If you wish, you can create a new topic and type in the new name, prompt (instructions), and adjust things such as the time length as you would in the edit section. Start by naming it and writing a prompt. The recording time can be up to ten minutes or as short as fifteen seconds. I prefer to turn on video moderation as that will automatically make all submissions hidden from others. It provides a bit of security and helps encourage those who are shy to have less fear and worry. The focus is optional, used as a hook to engage students, but it is optional. Under more, you can add a tip to help your students, allow attachments, edit the posting dates, features, and feedback criteria. Not a requirement for you to edit any of this, but you may find it helpful.
You have your topic, now it’s time to get creative! Clicking on the topic will bring you to the page where you can create. If you chose a focus, it will greet you at the top of the page. The name, instructions, and such are all there for the students to see. These are what you would have adjusted in Edit Topic or what you would have created in your new topic. Now for the best part, at least in my opinion. This is what makes it great for any ages as well as non-English speakers.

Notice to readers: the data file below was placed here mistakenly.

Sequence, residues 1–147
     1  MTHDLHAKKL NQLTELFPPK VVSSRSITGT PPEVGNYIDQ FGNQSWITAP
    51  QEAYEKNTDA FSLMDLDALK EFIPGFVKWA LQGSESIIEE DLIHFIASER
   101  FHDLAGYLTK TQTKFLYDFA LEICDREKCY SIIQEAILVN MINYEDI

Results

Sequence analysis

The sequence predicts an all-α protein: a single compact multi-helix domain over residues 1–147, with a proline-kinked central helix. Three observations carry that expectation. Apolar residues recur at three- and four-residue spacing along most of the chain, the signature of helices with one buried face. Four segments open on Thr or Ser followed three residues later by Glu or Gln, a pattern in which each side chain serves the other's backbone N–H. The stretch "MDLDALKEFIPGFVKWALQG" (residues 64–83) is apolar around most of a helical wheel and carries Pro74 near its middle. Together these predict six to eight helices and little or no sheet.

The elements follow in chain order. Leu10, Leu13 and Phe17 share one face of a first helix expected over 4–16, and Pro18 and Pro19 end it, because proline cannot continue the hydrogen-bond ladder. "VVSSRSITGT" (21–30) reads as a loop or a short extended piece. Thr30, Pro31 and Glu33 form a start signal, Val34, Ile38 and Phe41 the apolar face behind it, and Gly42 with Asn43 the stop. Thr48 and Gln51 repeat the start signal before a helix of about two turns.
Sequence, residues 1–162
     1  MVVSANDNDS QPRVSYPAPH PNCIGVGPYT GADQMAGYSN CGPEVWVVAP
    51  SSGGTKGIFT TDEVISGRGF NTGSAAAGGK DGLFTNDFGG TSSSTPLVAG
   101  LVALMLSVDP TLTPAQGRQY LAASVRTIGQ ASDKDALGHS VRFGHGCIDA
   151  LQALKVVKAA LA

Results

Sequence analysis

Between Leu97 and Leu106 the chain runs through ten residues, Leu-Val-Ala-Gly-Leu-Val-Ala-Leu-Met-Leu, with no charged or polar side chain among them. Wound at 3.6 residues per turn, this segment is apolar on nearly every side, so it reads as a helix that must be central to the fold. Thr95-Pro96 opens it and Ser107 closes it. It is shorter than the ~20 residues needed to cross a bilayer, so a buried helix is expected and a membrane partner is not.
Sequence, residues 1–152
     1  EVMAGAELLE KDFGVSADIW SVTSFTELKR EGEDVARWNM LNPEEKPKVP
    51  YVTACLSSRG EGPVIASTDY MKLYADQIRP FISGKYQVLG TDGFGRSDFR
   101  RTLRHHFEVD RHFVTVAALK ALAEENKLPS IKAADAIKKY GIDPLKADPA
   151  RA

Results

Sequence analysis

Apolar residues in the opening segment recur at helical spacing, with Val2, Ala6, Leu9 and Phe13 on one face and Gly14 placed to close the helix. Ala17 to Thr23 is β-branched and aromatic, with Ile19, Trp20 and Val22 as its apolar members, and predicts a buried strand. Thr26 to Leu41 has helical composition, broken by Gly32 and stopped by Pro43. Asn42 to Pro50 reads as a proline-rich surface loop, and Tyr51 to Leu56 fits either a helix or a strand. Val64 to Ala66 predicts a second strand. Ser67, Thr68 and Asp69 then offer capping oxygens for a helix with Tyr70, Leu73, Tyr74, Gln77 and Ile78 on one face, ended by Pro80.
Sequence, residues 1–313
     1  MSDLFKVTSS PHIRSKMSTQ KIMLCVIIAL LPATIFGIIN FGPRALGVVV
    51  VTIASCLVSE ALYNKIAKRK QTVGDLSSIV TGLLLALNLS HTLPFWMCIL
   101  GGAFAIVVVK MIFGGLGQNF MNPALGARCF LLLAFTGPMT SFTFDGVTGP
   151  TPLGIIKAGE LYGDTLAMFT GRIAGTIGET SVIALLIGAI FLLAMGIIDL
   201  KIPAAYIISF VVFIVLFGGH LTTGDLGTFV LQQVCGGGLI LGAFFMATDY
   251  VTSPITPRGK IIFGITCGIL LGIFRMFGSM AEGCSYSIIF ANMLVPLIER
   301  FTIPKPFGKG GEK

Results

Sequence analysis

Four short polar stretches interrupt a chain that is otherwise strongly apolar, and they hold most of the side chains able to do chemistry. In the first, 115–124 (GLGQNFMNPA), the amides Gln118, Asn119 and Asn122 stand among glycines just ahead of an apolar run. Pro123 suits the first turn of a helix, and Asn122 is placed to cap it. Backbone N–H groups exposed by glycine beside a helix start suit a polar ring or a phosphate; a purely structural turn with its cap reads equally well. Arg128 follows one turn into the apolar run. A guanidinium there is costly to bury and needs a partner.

Flipgrid has an immersive reader. If you are using this with students who do not read well, are better with hearing English than reading it, or need it translated, they will click on that icon. It will read it aloud for your students and tell them exactly what they must do in order to create a video. It is perhaps my favorite part of this as you can make it user friendly for all of your students and it is more accessible immediately. You can make a video explaining what to do as well, meaning students are NOT required to be able to read to be able to use it. Mind, it is challenging enough for your younger students so I would not suggest our 4 and 5 year olds try without a parent to help a lot, but it is entirely useable in second grade and up if you teach them how to do it.
Making the video is fairly simple and straightforward. It will go into selfie mode automatically to record you once you are ready to start, but it will not record until you are ready. Press the green plus to get your video prepared. Don’t panic, it looks much more complicated than it actually is. I promise!